L-39ZA Albatross - ES-TLG/3 - Tean Breitling   L-39ZA Albatross - Team Breitling   L-39ZA Albatross - ES-YLI/4 - Team Breitling   Apache AH1 - ZJ222 - 673 Squadron - Army Air Corps
 
Hawk T1A - XX261 - Fleet Requirements and Air Direction Unit - Royal Navy - Fleet Air Arm   Hawk T1A - XX159 - Fleet Requirements and Air Direction Unit - Royal Navy - Fleet Air Arm   Hawk T1 - XX294 - The Red Arrows - Royal Air Force   Hawk T2 - ZK021 - 19 (Reserve) Squadron - Royal Air Force
 

Two other major European aerobatic display teams also appeared at this year’s event. The French Air Force display team Patrouille de France flying Alpha Jet aircraft vied for honours alongside our own Red Arrows team.

Civilian aerobatic teams have been a major attraction at European air shows in recent years and three such teams appeared at this year’s event. Team Breitling performed with their L-39 jet aircraft as did Team Viper flying four Strike Master aircraft. The slower, but highly manoeuvrable, Blades team cavorted around the sky in their small, but nimble, Extra 300 aircraft.

Solo aerobatic displays were conducted by an RAF Tutor and a Hawk T.1 while the French Air Force provided an Alpha Jet. A stomach churning display of aerobatics was performed by a civilian operated Pitts Special bi-plane. Other solo acts from the RAF were performed by a Beech King Air multi-engine trainer from RAF Cranwell and a Typhoon from RAF Coningsby.

All three services provided helicopter displays. The Army Air Corps with a Lynx and Apache helicopter of the Blue Eagles Display Team; The RAF with a Chinook from RAF Odiham and the Fleet Air Arm with a Lynx from RNAS Yeovilton.

This year the Royal Navy celebrates 100 years of Navy flying and four Hawk T1 aircraft from the Fleet Requirement & Air Direction Unit (FRADU), RNAS Culdrose, displayed in formation with two Falcon 20 aircraft of Cobham Air Services based at Bournemouth Airport. Part of the display was the “launch” of the four Hawks acting as missiles by the Falcon 20s against an imaginary ship target.

A number of historic aircraft were on view on the ground and in the air. The world’s largest bi-plane, the Antonov AN-2, gave an impressive display of low speed handling with a stalling speed of 56 mph. The Battle of Britain Memorial Flight thrilled the crowds as always with the beautiful sounds of Rolls Royce Merlin engines along with a civilian operated two seat Spitfire T.9.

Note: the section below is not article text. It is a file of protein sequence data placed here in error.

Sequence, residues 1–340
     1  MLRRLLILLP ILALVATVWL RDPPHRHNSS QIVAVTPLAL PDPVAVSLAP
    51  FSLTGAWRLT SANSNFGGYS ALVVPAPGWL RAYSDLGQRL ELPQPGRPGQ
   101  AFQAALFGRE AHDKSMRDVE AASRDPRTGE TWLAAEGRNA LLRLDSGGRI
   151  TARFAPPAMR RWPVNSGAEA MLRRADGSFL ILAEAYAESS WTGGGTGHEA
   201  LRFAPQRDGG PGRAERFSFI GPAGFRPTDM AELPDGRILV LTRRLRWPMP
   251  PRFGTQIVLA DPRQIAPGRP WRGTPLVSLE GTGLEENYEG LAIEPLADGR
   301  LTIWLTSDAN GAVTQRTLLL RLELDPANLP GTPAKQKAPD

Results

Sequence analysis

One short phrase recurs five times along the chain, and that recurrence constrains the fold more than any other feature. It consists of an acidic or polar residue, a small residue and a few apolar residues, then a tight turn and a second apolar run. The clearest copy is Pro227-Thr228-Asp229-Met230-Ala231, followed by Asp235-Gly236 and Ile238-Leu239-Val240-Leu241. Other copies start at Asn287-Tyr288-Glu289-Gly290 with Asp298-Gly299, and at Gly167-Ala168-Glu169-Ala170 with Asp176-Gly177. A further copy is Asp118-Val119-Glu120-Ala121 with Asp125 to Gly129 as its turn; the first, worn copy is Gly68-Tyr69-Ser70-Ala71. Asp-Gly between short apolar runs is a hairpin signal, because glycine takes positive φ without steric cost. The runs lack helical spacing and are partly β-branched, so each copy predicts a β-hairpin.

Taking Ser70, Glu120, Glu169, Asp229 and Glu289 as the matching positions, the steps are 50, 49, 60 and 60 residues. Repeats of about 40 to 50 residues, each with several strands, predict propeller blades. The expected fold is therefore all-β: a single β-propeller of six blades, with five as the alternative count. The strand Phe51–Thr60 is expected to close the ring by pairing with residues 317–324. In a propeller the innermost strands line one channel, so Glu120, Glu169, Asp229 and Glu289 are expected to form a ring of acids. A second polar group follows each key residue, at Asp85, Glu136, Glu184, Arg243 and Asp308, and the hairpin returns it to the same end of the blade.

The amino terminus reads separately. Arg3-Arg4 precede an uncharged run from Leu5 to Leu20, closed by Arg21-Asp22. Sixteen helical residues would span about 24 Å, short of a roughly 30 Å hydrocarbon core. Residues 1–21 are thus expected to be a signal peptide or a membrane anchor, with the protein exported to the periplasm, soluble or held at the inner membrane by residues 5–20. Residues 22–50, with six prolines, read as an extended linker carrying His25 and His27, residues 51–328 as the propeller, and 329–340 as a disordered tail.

The biggest disappointment of the weekend was the shock news that Vulcan XH558 would not fly because its Permit to Fly had expired, due to no fault of the Vulcan to the Sky Trust, but due to a technical glitch with the Civilian Aviation Authority.

The author wishes to thank Flt Lt Kate Calder (Media & Communications Officer), Wing Commander Si Prior and Group Captain D H John MA LLB BA RAF for their kind hospitality during the author’s visit.

Alpha Jet E - Patrouille de France - French Air Force
 
Supermarine Spitfire TR Mk IX - G-BMSB - United Kingdom - Privately Owned - United Kingdom   Avro Lancaster BII - PA474 - Battle of Britain Memorial Flight - United Kingdom   Avro Vulcan B2 - G-VLCN - Vulcan to the Sky Trust - United Kingdom   Nimrod MR2 (withdrawn) - XV260/60 - 120 Squadron - Royal Air Force
 
KC-135R Stratotanker - 63-8879 - 351 Air Refueling Squadron - United States Air Forces in Europe   Putzer Elster B - G-APVF/97+04 - United Kingdom - Privately Owned - United Kingdom   De Havilland DHC.1 Chipmunk - G-BYHL/WG308/8 - United Kingdom - Privately Owned - United Kingdom  
 
Avro Lancaster BII - PA474 - Battle of Britain Memorial Flight - United Kingdom